How do I say this without sounding snobby or risking accusations of “hipster!”? I can’t. I don’t like a lot of popular fiction. But define popular, you may tell me. That’s fair. If popular means read by millions of people, placed before it has sold a single copy on the New York Times Bestseller List then you’re talking about many books that I am totally and completely unfair to. I take one look at many of the books, especially fiction, that reach that famous list and just, “Bleh.” No. No way. Some of those books try to get me to read them by being suspenseful on the back cover. That’s exhausting. Sue me. I can barely stomach them any longer. I gave Game of Thrones a decently nice review, but I’m not going to read any more of them. I can’t. If you can, I’m a little bit jealous. Yes, I’m being honest with you. Yes, I am narcissistic.
Stephen King is the very definition of a famous American writer. In some senses he is the definitive American writer (There are numerous people who wish to find a physical representation of that last sentence and burn it to the ground). King is action, he is suspense, he is love and hate and greed, he is horror, he is sadness, and as far as writers go, if you’re wanting to read a book with a great story, look no further, you have found your author. He is good. He is damn good. The Stand is simply one of the best books I’ve ever read. It is, to this day, the only book that has made me cry. Frankly, as far as character creation goes, The Stand stands alone. It has its own pedestal and we’re just looking to come close to it in some way.
But most of the time, when someone recommends a Stephen King book to me, or an author like Stephen King (John Grisham comes to mind as one author who is always recommended to me. Grisham is fun read. Once or twice. It’s the same trick, a damn good trick mind you, but the same one. Vonnegut is guilty of this, too) I usually just find a way to excuse myself out of reading it. Am I potentially robbing myself of a great experience? Yes, absolutely. Am I most likely saving myself from reading a book that me, myself, and I will literally despise and write some blistering review of on this site and make everyone who reads it that liked that John Grisham book wonder why I am such a book snob? The answer to that is also, YES.
I don’t have a favorite author. If I had to pick, I would end up saying Thomas Pynchon because I have read him more than anyone else. I have recommended a Thomas Pynchon book to exactly two people in the last year. Next to Don Delillo, the man is probably the best living American author (I haven’t read Franzen, so I really don’t even pretend to know) and Hell will freeze over before I recommend Pynchon to more than five people, probably in my life. Generally, people don’t read books to be confronted with zany postmodern ramblings about the impossibility of connection with a character, the fourth wall breaking to remind you that you’re reading a book, crazy and disgusting sex acts removed from any sort of human connection between characters, a mechanical duck that becomes sentient and follows a chef out of it’s need to feel love… none of that jumps on most people’s lists of things they would like to see in a novel. I respect that. I won’t think less of you for avoiding Thomas Pynchon. It’s probably a wise move on your part.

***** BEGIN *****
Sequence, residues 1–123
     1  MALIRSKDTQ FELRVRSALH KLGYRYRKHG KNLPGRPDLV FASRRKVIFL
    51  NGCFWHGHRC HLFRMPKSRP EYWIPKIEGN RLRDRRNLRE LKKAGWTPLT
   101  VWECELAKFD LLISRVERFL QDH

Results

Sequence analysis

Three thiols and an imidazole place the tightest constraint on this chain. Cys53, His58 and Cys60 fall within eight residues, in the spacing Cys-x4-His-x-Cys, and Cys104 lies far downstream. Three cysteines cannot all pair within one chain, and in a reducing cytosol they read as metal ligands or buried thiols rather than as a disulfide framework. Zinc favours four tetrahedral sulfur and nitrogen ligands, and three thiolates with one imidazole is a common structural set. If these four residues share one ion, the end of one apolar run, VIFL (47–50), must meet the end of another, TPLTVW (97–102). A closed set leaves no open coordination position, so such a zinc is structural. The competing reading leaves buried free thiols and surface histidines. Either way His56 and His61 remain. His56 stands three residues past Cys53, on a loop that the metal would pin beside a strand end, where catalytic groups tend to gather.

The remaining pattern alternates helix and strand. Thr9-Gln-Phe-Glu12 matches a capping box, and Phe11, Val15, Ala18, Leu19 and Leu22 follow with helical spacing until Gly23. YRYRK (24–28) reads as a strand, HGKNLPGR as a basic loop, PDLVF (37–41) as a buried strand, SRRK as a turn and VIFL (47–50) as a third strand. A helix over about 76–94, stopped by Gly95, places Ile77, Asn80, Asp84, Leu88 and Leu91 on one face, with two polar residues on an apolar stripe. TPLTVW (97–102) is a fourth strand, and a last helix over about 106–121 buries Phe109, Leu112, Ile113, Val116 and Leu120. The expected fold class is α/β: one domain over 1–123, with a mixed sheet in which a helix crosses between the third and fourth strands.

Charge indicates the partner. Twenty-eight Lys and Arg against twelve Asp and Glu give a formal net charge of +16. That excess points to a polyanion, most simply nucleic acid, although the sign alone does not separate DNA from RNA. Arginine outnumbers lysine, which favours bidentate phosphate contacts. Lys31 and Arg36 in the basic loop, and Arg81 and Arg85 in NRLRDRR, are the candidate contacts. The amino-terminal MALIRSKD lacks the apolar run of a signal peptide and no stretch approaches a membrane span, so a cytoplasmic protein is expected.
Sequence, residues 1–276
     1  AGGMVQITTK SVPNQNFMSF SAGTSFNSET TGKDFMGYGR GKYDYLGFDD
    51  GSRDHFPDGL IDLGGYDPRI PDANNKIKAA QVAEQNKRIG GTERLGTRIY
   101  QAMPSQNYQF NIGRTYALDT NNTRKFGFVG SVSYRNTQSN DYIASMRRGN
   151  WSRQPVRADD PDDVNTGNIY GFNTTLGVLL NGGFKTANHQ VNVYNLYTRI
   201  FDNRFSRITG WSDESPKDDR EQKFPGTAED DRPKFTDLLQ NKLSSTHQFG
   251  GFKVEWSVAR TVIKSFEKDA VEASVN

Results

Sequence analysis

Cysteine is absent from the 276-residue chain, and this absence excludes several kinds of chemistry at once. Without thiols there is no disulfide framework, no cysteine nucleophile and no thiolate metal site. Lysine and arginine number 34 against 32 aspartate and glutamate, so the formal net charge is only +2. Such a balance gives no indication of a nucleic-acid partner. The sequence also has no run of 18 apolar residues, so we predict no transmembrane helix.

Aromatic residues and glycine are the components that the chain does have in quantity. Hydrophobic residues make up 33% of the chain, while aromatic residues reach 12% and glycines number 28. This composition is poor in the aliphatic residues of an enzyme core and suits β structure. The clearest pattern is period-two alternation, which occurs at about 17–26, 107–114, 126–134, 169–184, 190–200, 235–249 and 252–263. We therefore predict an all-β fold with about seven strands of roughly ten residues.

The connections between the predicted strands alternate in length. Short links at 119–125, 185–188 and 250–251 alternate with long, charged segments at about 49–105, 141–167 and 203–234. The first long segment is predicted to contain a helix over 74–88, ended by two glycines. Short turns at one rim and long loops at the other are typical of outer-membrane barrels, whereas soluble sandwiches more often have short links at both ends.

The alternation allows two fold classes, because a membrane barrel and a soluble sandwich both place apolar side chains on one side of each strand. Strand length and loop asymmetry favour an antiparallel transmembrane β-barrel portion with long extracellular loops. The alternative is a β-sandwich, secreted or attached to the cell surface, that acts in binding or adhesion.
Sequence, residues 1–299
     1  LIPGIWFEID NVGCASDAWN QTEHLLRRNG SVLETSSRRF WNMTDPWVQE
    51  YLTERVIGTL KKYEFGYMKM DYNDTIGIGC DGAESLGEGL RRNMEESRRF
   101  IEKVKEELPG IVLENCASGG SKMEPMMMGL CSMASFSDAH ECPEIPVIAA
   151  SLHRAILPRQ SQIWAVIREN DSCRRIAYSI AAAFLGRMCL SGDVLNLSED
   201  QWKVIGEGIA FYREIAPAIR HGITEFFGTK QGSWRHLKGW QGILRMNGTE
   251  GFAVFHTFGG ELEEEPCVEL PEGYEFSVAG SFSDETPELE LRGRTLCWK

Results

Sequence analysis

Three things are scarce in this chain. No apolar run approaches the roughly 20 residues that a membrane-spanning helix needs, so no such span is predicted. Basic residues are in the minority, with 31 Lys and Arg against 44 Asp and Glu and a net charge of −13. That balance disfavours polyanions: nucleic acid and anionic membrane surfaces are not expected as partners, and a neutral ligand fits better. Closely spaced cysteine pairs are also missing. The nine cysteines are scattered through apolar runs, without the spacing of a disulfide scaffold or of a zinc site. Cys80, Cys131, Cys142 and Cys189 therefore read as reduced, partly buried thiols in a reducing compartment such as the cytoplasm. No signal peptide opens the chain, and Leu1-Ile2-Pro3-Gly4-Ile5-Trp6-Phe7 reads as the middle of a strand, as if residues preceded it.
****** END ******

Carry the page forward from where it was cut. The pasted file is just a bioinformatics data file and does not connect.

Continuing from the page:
But what does any of this have to do with Stephen King’s On Writing? A lot, really. King spends a notable amount of time discussing this topic as well, discussing the common critiques of his writing. His response isn’t waving his money in front of them and calling them jealous. Most of the time he simply says something along the lines of, “listen, that’s fine and well. But a book is about the story. If you don’t have a story then you don’t have jack.” I do disagree, yet I think my disagreement is moot. King isn’t writing this point to the Gaddises, the Pynchons, the Mary Karrs, or Delillos of this world. Writers like that, they don’t need books like On Writing. They have something to say and the novel/memoir just comes out of them. King spends a small amount of time on this point, noting that Mary Karr’s The Liar’s Club is something he cannot even hope to do. It is simply beyond him, and that’s fine.
In the end, for King, writing and reading should be fun. If it becomes work, then it’s probably not for you or you’re doing something wrong. Don’t deceive yourself about it, either. Be truthful. What’s funny is that I read Pynchon, I read Delillo, I will be reading Franzen shortly, for the same reason: I like it. It’s a lot of fun to me. It’s not work, it’s just difficult; but I love the challenge of it.
There’s so much good advice jammed tightly into this book, yet none of it is really meant for a long-winded blog post about the nature of fiction. Whoops. If you think you want to write and don’t know where to begin, pick it up and you’ll be glad you did it. If you’re just a fan of King, you’ll probably get a kick out of it, too. His anecdotes are quite good.
Recommended to: Those interested in the craft of writing, those who write but feel they could use some inspiring direction, and those who need advice and guidance to begin.
Avoid as if it is that upcoming Super Bowl party at your local church where they block the commercials because of Jesus: You already know whether or not you want to read this one. My advice is go with your gut.